End Page
241
DOI
10.1007/978-3-319-63757-0_8

Overcoming Immunotherapy Resistance by Targeting the Tumor-Intrinsic NLRP3-HSP70 Signaling Axis.

The tumor-intrinsic NOD-like receptor family, pyrin-domain-containing-3 (NLRP3) inflammasome, plays an important role in regulating immunosuppressive myeloid cell populations in the tumor microenvironment (TME). While prior studies have described the activation of this inflammasome in driving pro-tumorigenic mechanisms, emerging data is now revealing the tumor NLRP3 inflammasome and the downstream release of heat shock protein-70 (HSP70) to regulate anti-tumor immunity and contribute to the development of adaptive resistance to anti-PD-1 immunotherapy. Genetic alterations that influence the activity of the NLRP3 signaling axis are likely to impact T cell-mediated tumor cell killing and may indicate which tumors rely on this pathway for immune escape. These studies suggest that the NLRP3 inflammasome and its secreted product, HSP70, represent promising pharmacologic targets for manipulating innate immune cell populations in the TME while enhancing responses to anti-PD-1 immunotherapy. Additional studies are needed to better understand tumor-specific regulatory mechanisms of NLRP3 to enable the development of tumor-selective pharmacologic strategies capable of augmenting responses to checkpoint inhibitor immunotherapy while minimizing unwanted off-target effects. The execution of upcoming clinical trials investigating this strategy to overcome anti-PD-1 resistance promises to provide novel insight into the role of this pathway in immuno-oncology.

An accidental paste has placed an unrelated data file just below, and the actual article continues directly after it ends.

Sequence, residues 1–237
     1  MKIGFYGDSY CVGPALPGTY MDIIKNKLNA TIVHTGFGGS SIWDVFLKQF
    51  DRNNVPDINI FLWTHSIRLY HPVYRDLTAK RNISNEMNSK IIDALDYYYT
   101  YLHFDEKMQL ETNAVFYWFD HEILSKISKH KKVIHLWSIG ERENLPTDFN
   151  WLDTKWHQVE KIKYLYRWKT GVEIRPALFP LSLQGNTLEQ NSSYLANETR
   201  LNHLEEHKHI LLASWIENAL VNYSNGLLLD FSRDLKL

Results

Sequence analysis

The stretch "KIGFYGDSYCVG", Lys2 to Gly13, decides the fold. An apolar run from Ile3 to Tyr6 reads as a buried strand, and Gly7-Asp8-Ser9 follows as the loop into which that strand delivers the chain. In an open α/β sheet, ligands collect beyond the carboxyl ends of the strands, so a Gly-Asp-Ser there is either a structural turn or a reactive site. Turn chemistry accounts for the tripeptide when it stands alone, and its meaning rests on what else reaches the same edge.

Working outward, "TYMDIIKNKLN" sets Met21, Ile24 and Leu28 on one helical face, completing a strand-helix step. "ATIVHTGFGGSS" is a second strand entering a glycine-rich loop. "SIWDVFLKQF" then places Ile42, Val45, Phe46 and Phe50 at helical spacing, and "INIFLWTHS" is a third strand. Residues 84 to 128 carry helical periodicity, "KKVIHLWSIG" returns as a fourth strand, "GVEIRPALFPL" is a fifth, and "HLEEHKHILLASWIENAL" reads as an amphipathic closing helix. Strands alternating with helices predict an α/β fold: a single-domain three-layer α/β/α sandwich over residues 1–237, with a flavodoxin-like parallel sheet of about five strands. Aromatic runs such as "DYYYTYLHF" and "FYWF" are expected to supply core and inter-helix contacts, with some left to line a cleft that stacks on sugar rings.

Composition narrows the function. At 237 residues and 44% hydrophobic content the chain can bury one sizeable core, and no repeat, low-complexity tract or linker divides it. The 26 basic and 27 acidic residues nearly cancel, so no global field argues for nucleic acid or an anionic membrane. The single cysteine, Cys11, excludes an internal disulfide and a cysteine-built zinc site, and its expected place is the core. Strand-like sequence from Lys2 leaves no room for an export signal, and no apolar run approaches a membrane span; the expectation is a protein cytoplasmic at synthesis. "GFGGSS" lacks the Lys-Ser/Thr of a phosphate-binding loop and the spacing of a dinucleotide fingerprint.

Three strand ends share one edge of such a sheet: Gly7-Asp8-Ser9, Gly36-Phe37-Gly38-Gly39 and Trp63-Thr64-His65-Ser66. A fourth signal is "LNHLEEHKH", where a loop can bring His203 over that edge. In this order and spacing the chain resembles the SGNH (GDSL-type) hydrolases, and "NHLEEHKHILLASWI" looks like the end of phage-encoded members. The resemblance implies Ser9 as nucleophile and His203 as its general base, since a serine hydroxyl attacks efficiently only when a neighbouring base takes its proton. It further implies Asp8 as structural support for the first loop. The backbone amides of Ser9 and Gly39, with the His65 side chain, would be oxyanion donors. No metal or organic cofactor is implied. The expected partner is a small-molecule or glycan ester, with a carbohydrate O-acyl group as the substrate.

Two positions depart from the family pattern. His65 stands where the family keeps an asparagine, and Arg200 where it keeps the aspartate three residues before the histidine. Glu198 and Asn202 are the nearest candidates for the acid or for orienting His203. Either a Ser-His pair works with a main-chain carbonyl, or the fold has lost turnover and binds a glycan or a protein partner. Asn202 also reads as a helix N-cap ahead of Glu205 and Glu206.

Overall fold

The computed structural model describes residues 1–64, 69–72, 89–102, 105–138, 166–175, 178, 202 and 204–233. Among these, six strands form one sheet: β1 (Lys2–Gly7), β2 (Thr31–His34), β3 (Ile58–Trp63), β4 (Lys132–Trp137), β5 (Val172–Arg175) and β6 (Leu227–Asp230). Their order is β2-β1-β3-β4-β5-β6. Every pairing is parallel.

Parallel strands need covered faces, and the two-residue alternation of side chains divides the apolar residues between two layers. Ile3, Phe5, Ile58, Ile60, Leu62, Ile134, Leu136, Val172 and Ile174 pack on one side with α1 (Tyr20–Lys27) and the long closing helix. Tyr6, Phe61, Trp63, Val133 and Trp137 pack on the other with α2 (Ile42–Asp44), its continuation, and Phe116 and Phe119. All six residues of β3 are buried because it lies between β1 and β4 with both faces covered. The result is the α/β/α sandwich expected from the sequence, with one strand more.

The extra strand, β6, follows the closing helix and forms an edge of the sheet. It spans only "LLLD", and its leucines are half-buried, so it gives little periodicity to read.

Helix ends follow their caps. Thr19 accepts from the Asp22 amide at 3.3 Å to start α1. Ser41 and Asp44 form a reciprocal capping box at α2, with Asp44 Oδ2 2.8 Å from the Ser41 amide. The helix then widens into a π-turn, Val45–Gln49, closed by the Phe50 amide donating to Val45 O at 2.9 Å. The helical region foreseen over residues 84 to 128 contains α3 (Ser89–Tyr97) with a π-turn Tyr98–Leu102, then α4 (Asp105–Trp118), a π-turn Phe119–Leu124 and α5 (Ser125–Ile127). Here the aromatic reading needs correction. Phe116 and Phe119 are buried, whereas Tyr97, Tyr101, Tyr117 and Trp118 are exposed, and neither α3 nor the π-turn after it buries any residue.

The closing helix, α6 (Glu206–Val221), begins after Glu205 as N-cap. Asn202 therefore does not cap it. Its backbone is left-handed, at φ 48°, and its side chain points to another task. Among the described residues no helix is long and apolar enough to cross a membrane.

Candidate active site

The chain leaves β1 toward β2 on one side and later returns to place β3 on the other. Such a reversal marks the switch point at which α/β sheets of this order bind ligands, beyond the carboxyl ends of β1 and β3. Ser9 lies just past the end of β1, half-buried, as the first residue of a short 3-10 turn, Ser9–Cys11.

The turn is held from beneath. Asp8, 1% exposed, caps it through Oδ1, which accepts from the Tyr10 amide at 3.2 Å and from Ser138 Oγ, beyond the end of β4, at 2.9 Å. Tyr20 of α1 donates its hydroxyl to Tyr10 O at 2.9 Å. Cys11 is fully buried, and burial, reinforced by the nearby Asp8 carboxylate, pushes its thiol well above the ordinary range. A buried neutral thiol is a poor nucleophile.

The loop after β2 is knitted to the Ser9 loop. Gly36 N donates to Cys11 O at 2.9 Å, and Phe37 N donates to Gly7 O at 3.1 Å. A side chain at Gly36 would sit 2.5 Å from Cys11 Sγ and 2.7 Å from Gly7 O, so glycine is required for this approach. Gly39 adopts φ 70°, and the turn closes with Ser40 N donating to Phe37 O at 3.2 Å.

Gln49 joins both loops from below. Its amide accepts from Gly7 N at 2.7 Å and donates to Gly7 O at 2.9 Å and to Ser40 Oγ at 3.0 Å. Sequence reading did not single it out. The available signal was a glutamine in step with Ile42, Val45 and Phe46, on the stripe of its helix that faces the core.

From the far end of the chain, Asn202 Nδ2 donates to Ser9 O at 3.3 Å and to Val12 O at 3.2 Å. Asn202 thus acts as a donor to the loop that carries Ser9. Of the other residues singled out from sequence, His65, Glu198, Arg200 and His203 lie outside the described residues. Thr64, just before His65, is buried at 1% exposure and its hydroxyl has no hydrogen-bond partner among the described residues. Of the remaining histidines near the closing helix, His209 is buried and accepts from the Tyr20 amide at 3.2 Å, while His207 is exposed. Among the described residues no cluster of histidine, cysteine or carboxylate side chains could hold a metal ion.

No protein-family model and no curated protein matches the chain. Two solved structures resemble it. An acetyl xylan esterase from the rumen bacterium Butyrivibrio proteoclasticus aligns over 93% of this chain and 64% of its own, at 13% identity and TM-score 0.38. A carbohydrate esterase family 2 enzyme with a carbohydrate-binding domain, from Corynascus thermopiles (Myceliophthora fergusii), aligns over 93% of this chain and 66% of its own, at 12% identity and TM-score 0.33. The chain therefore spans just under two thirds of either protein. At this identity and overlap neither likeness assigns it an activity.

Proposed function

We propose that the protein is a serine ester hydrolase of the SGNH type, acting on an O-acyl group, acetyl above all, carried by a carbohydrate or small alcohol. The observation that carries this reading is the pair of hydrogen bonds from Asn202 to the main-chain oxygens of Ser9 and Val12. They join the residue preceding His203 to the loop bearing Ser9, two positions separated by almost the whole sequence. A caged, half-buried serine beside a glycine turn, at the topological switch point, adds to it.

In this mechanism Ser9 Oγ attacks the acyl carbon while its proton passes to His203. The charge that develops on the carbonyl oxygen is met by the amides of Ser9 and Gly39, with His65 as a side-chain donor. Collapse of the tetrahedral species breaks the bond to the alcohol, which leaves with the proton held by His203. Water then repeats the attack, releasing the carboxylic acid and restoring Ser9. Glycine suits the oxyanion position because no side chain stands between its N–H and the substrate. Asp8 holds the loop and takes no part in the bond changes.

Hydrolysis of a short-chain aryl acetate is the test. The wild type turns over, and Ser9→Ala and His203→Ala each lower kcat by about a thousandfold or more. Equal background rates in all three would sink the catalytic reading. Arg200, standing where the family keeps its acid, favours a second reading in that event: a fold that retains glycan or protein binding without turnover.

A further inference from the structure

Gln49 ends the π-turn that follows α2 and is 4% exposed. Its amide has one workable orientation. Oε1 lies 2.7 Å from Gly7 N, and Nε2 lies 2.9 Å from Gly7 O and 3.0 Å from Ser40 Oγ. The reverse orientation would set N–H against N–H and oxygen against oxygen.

Authors
Theivanthiran, B; Haykal, T; Cao, L; Holtzhausen, A; Plebanek, M; DeVito, NC; Hanks, BA
MLA Citation
Theivanthiran, Balamayooran, et al. “Overcoming Immunotherapy Resistance by Targeting the Tumor-Intrinsic NLRP3-HSP70 Signaling Axis.Cancers (Basel), vol. 13, no. 19, Sept. 2021. Pubmed, doi:10.3390/cancers13194753.
URI
https://scholars.duke.edu/individual/pub1497259
PMID
34638239
Source
pubmed
Published In
Cancers
Volume
13
Published Date
DOI
10.3390/cancers13194753

A case report of microsatellite instability (MSI)-high, <i>HER2</i> amplified pancreatic adenocarcinoma with central nervous system metastasis.